Snowmobile Avalanche Safety & Awareness

You have your sled, there are several feet of snow on the mountain, and you’re itching to ride! Now before you put your helmet on and start that engine, there are several crucial do’s and don’ts you need to know and follow about snowmobile avalanche safety and awareness.


General Tips

  • Check avalanche forecast and scale before going out (
  • Public Avalance Danger Scale Avalance forecasts & scale
  • Every rider needs working gear! Each rider needs a transmitting avalanche beacon, a probe, and a shovel. For extra protection it is recommended to have an avalanche airbag backpack. (We have all the safety equipment you need in store and on

Snowmobile Avalanche Gear Snowmobile probe

Warning Beacon  Avalanche Airpack

  • Check avalanche gear before you leave to make sure everything is working correctly.
  • Keep your avalanche gear on your person, not on your sled. (If you are thrown from your sled, your avalanche gear will be out of reach for you to use.)
  • Always wear a helmet when riding. (Full-face helmets provide extra safety.)
  • Practice using your avalanche gear or take a class. Check with your local Parks & Rec or Search & Rescue Departments for classes)


Riding Tips for Avalanche Terrain

  • Have a riding partner; never ride alone.
  • Only ONE rider on the slopes at a time! You need to keep an eye on your partner or group member when they are riding.
  • Don’t park your sled on the bottom of a steep slope; park on the side of the slope instead.
  • Limit to riding groups to 3 to 4 people. (It is safer to ride with smaller groups.) If you choose to bring more than 4 people, do not split up the group.
  • Test the stability on a small bank/slope before riding up high.
  • Don’t assume a slope is safe to ride just because you see tracks on the hill.
  • ANY slope steeper than 25 degrees can potentially slide. Slopes with a 30 to 60 degree incline are extremely prone to an avalanche.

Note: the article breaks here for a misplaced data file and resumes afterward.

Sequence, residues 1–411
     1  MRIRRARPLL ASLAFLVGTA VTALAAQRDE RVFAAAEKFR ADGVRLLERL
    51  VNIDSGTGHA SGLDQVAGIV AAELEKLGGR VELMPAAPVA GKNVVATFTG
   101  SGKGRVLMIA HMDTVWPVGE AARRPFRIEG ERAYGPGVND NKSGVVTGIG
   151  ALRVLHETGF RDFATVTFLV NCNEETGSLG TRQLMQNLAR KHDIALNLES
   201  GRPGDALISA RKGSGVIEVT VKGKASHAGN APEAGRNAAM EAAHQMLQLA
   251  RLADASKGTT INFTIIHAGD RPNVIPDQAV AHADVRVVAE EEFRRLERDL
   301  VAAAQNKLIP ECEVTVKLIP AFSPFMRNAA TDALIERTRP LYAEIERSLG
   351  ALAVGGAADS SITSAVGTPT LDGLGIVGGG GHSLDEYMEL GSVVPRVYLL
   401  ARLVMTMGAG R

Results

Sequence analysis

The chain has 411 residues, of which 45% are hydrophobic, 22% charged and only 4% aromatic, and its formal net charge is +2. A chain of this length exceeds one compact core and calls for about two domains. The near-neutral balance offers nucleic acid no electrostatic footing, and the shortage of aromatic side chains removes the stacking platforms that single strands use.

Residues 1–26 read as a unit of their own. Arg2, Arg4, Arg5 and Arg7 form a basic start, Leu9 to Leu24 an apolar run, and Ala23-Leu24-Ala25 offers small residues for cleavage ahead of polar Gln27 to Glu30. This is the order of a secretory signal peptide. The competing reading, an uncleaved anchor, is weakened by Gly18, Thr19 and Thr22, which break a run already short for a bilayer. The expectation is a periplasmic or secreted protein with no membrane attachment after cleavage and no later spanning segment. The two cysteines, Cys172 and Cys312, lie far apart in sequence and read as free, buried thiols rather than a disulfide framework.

• Periodically stop your machine, remove your helmet, and walk around to get a feel for the snow and listen/look around the area for any signs of unstability. (New snow, wind loading, rain, hollow-sounding snow, or rapid warming.)
  • Choose slopes that have been stripped by the wind, or fan-shaped at the bottom with no obstacles like trees or rocks.
  • Avoid “terrain traps:” gullies, steep-sided creek bottoms, or slopes ending in deep depressions.
  • Don’t ride on slopes with cliffs below.
  • If you choose to ride on “unstable days,” choose slopes that steep 25 degrees or lower and are not connected to a steeper slope.

Earth Magazine Photo Credit Sledder Mag. Photo Credit

Avalanche Rescue Tips

  • There is a 15-minute window before a buried rider/victim can die from asphyxia.
  • If you are the victim
    • Keep your pack on to provide some flotation.
    • Try to stay on the sled and ride out to the side.
    • If you are knocked from your sled, push away from the sled and fight to stay on the top of the moving snow.
    • Roll on your back; you have better survival odds if you are face-up.
    • As the avalanche slows, put your hands up, and expand your chest to create air space.
  • If you are the rescuer
    • Watch your partner as they ride so you can track where you saw them last and mark it.
    • Conduct initial search. (Use beacon, probe, or look for markers.)
    • Most riders are within 200 feet of their machine. Often victims are upslope within 40 feet of the machine.
    • When found: dig fast and free the mouth and chest first.
    • Have first-aid materials on hand and be prepared to handle and airway issues, hypothermia, or blunt-force injuries.


Remember to stay alert when you are out riding. You don’t have to be on a steep slope to cause an avalanche, just in the vicinity. Your best bet is to stay a long distance from any ridge. Always bring your avalanche gear no matter the conditions: you never know when you will need to use them.


Be smart. Wear your gear. Stay alert.


Video Credit: Jody Trawicki Published on Feb 25, 2016

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